This section of the book is from the "Stories of Animal Sagacity" book, by William Henry Giles Kingston.
I have told you of dogs making their way from one end of the country to the other in search of their masters, and of horses traversing wide districts to the pastures where they were bred, but you would scarcely expect to hear of a sheep performing a long journey to return to the home of her youth.
A ewe, bred in the neighbourhood of Edinburgh, was driven into Perthshire, a distance of upwards of one hundred miles. She remained some time at the place, and there became the mother of a lamb. She took a dislike to her new home, and thoughts of her early days stealing upon her, she came to the resolution of returning to the scenes of her youth.
Calling her lamb, she one night set off southward. Often she was compelled to hurry on her young one with impatient bleatings. She took the highroad, along which she had been driven. Reaching Stirling early in the morning, she discovered that an annual fair was taking place, and that the town was full of people. Unwilling to venture among them for fear of being caught, or losing her lamb, she waited patiently outside till the evening, lying close by the roadside. Many people saw her, but believing her owner was near, did not molest her. During the early hours of the morning she got safely through, observed by several people, and evidently afraid lest the dogs prowling about the town might injure her young one.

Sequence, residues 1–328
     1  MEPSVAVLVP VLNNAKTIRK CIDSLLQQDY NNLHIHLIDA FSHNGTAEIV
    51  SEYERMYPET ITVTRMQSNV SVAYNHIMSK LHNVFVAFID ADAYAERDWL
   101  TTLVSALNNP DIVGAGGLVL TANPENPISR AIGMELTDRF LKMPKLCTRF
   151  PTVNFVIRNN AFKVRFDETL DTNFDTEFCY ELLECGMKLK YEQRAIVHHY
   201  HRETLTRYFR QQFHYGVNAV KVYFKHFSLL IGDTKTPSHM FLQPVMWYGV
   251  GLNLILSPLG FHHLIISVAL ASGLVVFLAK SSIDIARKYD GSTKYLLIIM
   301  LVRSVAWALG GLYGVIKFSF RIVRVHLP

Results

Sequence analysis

Arriving at length at the toll-bar of Saint Ninians, she was stopped by the toll-keeper, who supposed her to be a stray sheep. She escaped him, however, and several times when the gate was opened endeavoured, with the lamb at her heels, to make her way through. He each time drove her back. She at length turned round, and appeared to be going the way she came. She had, however, not abandoned her intention, for she either discovered a more circuitous road to the south side of the gate, or made her way through; for on a Sabbath morning early in June she arrived at the farm where she had been bred,—having been nine days on her journey.
So delighted was her former owner with this exhibition of affection for the farm, and with her wonderful memory, that he offered her purchaser the price he had received; and to the day of her death—when she had reached the mature age, for a sheep, of seventeen years—she remained a constant resident on her native farm.